Involvement of kynurenines in Huntington’s disease and stroke-induced brain damage

Stone, T.W. , Forrest, C.M., Stoy, N. and Darlington, L.G. (2012) Involvement of kynurenines in Huntington’s disease and stroke-induced brain damage. Journal of Neural Transmission, 119(2), pp. 261-274. (doi: 10.1007/s00702-011-0676-8)

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Several components of the kynurenine pathway of tryptophan metabolism are now recognised to have actions of profound biological importance. These include the ability to modulate the activation of glutamate and nicotinic receptors, to modify the responsiveness of the immune system to inflammation and infection, and to modify the generation and removal of reactive oxygen species. As each of these factors is being recognised increasingly as contributing to major disorders of the central nervous system (CNS), so the potentially fundamental role of the kynurenine pathway in those disorders is presenting a valuable target both for understanding the progress of those disorders and for developing potential drug treatments. This review will summarise some of the evidence for an important contribution of the kynurenines to Huntington's disease and to stroke damage in the CNS. Together with preliminary evidence from a study of kynurenine metabolites after major surgery, an important conclusion is that kynurenine pathway activation closely reflects cognitive function, and may play a significant role in cognitive ability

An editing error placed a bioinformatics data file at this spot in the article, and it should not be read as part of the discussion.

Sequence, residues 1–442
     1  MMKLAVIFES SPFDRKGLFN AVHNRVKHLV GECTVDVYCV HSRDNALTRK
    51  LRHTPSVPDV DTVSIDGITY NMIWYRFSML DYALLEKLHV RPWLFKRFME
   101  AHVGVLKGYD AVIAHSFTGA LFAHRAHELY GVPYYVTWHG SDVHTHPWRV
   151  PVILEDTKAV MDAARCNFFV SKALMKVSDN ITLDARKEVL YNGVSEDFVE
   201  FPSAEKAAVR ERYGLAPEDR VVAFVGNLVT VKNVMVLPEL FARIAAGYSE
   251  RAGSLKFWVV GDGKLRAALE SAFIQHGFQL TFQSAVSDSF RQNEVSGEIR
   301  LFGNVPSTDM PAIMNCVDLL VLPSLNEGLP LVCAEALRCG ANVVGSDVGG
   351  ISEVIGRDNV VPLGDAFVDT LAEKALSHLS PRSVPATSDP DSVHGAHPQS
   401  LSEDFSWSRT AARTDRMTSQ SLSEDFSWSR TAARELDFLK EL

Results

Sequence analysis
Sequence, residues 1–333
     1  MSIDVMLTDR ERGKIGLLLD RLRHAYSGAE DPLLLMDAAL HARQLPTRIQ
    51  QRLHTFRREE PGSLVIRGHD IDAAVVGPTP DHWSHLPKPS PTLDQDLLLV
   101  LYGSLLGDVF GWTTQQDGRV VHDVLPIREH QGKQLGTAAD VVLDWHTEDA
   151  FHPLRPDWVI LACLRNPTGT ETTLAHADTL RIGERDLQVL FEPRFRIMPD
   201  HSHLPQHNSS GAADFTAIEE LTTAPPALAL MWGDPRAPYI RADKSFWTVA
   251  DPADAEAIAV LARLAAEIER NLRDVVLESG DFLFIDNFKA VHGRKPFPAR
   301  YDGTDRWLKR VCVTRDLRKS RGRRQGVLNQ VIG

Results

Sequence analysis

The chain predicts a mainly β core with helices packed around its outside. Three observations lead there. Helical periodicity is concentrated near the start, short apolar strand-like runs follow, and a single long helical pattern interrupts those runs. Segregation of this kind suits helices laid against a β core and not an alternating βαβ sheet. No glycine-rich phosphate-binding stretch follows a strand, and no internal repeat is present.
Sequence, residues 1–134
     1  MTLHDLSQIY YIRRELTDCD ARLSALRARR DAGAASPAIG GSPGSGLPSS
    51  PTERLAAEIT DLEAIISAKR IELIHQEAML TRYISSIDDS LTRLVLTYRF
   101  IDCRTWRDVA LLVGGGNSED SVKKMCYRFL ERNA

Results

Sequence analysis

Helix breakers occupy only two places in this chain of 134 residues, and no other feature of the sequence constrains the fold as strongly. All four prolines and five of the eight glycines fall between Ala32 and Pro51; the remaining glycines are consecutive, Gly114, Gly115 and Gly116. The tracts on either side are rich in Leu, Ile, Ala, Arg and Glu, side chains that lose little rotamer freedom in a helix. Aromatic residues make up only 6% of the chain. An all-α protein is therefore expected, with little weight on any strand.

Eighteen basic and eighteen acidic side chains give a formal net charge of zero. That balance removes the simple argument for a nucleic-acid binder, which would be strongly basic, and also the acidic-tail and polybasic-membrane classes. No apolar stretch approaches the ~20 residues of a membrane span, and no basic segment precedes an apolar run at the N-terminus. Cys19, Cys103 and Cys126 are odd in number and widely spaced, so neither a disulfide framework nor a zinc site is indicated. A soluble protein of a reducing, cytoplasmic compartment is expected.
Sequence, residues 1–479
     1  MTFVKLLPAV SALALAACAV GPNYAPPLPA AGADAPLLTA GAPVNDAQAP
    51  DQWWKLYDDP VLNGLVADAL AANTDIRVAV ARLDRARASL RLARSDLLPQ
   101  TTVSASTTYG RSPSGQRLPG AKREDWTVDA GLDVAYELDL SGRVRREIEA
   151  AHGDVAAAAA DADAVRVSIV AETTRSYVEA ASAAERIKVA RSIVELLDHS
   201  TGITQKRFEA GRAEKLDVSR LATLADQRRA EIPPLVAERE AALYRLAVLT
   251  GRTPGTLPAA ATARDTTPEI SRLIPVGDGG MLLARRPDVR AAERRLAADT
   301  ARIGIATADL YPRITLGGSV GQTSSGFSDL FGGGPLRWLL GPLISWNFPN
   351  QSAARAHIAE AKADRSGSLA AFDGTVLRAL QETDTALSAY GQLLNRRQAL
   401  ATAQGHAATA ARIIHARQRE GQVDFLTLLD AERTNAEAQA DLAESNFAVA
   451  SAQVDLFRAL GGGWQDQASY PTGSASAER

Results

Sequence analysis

Item Type:Articles
Glasgow Author(s) Enlighten ID:Forrest, Dr Caroline and Stone, Professor Trevor
Authors: Stone, T.W., Forrest, C.M., Stoy, N., and Darlington, L.G.
College/School:College of Medical Veterinary and Life Sciences > School of Psychology & Neuroscience
Journal Name:Journal of Neural Transmission

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